Cachamate — 2.95 of 5 palos — reviewed 3/00/2012
Type: Hierbas Serranas (Mountain Herbs). Con Palos (stems).
Region: Misiones, Argentine and Worldwide locations. Produced by Cachamaí.
This is a yerba company that has definitely taken a different tact. Mate doesn’t seem to be their official product, but one of many. Positioned as a “natural herb” producer, Cachamaí offers a slew of concoctions: mint tea, chamomile, green tea, black tea, linden tea, including over 10 mixtures of yerba mate, each with it’s own variety of herbs, ranging from peppermint and lemon verbena to, get this, sea weed! Their website states that the herbs are grown in the mountains of Argentina, The Andes, and others in Chili and India. The actual mate appears to be grown in Misiones, Argentina.
This variety, Hierbas Serranas, includes: Poleo (Pennyroyal), Peperina (Peppermint), menta (mint). Interestingly, a concentrated dose of Pennyroyal is extremely toxic and deadly, sometimes used for self-induced abortions. Since October 1994, all manufactured forms of the plant, in the United States, must carry a warning label for pregnant women. Obviously, when the leaves are used for infusion purpose, one can experience the purported positive effects of the herb.
When asked where their mate was grown, I was responded with the following:
“David, todos nuestros productos provienen proveedores especialmente seleccionados a lo largo de todo el pais y del mundo. Trabajamos junto a ellos para la correcta evolucion de los cultivos y su optima calidad segun nuestros requerimientos. Esperamos que disfrutes nuestros productos!”
David, all of our products are supplied by providers that are especially selected throughout the country [Argentina] and the entire world. We work together with the cultivators to ensure the optimal quality that we require. We hope that you enjoy our products.
This was very vague and leaves me clueless as to the origins of their yerba.
Cut 2.75 palos
I think I found a new mate souvenir: a palo the size a third of pencil in this bag of yerba. Talk about monster palos! This was like a wooden bombilla! Puts Jesper to shame. There’s a lot of lumber in this mixology of herbs. Multicolored stems and leaves, from light green to tan, to dark brown. In this case, the ridiculous amount and size of lumber (palos) doesn’t seem to wash out the taste of the herbs too badly—the other herbs keep the yerba’s strength. Good moderate polvo. Some splinter palos. Overall, there’s too many palos and not enough leaves—low PPL-R.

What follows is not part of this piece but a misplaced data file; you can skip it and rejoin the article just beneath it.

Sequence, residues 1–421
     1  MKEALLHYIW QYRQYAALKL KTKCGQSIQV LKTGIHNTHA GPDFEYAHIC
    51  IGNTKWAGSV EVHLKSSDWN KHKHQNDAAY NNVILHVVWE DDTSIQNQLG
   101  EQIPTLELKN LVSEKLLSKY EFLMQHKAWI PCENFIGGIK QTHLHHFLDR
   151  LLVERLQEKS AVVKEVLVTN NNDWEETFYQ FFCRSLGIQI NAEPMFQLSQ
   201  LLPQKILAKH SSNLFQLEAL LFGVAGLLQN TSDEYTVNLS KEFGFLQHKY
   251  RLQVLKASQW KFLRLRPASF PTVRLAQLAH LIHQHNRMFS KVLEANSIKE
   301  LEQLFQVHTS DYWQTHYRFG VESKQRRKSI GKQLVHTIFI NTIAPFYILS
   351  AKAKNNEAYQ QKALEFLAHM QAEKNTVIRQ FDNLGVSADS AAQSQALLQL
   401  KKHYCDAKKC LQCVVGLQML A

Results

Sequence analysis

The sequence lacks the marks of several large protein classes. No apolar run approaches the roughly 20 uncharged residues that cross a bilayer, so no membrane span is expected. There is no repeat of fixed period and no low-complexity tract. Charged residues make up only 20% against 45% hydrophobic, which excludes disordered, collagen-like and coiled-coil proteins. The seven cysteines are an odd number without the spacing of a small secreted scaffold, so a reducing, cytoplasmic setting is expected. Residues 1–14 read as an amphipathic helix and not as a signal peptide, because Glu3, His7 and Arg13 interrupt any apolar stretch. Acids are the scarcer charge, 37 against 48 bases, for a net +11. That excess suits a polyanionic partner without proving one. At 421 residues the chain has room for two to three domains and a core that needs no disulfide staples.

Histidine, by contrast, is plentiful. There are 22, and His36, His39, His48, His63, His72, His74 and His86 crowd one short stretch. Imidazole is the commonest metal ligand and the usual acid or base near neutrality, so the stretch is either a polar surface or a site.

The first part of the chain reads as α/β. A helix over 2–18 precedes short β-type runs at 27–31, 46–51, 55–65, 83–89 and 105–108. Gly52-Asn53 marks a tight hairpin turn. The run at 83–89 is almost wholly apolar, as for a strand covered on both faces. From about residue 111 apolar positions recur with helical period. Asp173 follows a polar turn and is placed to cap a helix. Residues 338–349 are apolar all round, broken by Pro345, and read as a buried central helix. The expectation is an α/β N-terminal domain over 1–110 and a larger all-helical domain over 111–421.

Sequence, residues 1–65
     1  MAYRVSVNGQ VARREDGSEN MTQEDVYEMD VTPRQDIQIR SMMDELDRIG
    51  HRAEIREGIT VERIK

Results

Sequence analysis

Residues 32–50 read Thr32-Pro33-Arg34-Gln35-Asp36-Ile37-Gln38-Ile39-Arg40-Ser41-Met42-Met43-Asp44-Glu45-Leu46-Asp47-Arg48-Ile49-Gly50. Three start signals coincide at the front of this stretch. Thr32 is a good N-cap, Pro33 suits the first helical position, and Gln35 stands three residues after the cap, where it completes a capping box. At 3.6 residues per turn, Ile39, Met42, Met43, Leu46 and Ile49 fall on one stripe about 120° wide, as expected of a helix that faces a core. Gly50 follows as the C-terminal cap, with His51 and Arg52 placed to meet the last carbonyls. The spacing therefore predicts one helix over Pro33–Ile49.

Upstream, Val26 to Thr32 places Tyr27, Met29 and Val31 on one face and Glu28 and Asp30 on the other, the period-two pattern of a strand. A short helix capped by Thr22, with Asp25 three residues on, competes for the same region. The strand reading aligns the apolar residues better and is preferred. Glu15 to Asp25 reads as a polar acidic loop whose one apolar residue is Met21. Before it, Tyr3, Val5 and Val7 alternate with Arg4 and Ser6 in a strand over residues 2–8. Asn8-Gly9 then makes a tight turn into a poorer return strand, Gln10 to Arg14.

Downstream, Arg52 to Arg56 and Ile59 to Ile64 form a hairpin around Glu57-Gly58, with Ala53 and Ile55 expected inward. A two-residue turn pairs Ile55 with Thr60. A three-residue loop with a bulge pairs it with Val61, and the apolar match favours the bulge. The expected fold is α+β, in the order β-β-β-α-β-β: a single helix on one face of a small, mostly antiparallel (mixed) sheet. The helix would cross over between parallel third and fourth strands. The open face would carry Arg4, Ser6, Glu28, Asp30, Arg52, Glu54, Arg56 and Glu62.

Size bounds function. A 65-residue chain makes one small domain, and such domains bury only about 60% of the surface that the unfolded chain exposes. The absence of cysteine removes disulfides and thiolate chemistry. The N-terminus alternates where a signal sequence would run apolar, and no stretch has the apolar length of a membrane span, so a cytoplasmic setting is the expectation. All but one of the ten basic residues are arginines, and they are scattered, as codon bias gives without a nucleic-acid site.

Body/Texture 2.75 palos
Minty and refreshing. Has a different kick than Kraus Silvestre, which also includes mint. Mild body. Very herby tasting. Some astringent notes. Subtle cherry notes. Syrupy. Not very harmonious taste profile — the mint and yerba mixture is in somewhat conflict and neither one has the necessary dominance to balance out the taste.
Nose 3.25 palos
Bright and clean. Minty. Smells like a fresh spring morning. Vernal characteristics.
Finish 3.00 palos
Simple and elegant finish with clean minty palate. Lacks the strength and boldness of one of the Gaucho yerbas such as Canarias and Kraus Gaucho, but works for what it is—a mate with minty herbs. Weird bitter aftertaste.
Cycle 3.00 palos
Decent cycle for such a mild yerba. I expect without the aid of the other herbs, this yerba would have a much shorter cycle — saved by the bell, or mint, that is.
Overall: 2.95 palos
Overall, a very unexciting mate. Nothing too special here. No character. If you like minty mate, then Kraus Silvestre is a better starting point. This yerba is confused on what it is — there’s no identity here. They tried too hard with this mix. Worth a try if you’re a minty mate sort of guy. This isn’t my cup of “tea.”